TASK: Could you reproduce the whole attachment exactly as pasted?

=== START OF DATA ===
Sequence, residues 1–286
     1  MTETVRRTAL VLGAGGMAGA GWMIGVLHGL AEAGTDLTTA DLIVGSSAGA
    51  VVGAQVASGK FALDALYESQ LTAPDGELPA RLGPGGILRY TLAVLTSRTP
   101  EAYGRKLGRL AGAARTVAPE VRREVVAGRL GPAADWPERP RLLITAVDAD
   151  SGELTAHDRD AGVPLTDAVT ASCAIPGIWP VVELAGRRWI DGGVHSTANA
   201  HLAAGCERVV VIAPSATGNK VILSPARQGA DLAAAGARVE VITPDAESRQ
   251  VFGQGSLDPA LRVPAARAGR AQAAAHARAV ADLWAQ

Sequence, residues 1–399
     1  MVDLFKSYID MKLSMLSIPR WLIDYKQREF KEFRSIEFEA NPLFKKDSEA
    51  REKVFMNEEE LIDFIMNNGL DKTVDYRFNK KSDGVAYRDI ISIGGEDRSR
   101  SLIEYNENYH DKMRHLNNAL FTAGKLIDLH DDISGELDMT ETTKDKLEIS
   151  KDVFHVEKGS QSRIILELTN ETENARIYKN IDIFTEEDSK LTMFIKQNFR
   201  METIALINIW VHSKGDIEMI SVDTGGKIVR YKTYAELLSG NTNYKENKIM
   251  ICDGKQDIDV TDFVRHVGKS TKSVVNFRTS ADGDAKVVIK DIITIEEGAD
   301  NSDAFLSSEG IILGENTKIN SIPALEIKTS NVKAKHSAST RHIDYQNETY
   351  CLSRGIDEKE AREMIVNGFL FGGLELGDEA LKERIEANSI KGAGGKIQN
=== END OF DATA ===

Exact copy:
Sequence, residues 1–286
     1  MTETVRRTAL VLGAGGMAGA GWMIGVLHGL AEAGTDLTTA DLIVGSSAGA
    51  VVGAQVASGK FALDALYESQ LTAPDGELPA RLGPGGILRY TLAVLTSRTP
   101  EAYGRKLGRL AGAARTVAPE VRREVVAGRL GPAADWPERP RLLITAVDAD
   151  SGELTAHDRD AGVPLTDAVT ASCAIPGIWP VVELAGRRWI DGGVHSTANA
   201  HLAAGCERVV VIAPSATGNK VILSPARQGA DLAAAGARVE VITPDAESRQ
   251  VFGQGSLDPA LRVPAARAGR AQAAAHARAV ADLWAQ

Sequence, residues 1–399
     1  MVDLFKSYID MKLSMLSIPR WLIDYKQREF KEFRSIEFEA NPLFKKDSEA
    51  REKVFMNEEE LIDFIMNNGL DKTVDYRFNK KSDGVAYRDI ISIGGEDRSR
   101  SLIEYNENYH DKMRHLNNAL FTAGKLIDLH DDISGELDMT ETTKDKLEIS
   151  KDVFHVEKGS QSRIILELTN ETENARIYKN IDIFTEEDSK LTMFIKQNFR
   201  METIALINIW VHSKGDIEMI SVDTGGKIVR YKTYAELLSG NTNYKENKIM
   251  ICDGKQDIDV TDFVRHVGKS TKSVVNFRTS ADGDAKVVIK DIITIEEGAD
   301  NSDAFLSSEG IILGENTKIN SIPALEIKTS NVKAKHSAST RHIDYQNETY
   351  CLSRGIDEKE AREMIVNGFL FGGLELGDEA LKERIEANSI KGAGGKIQN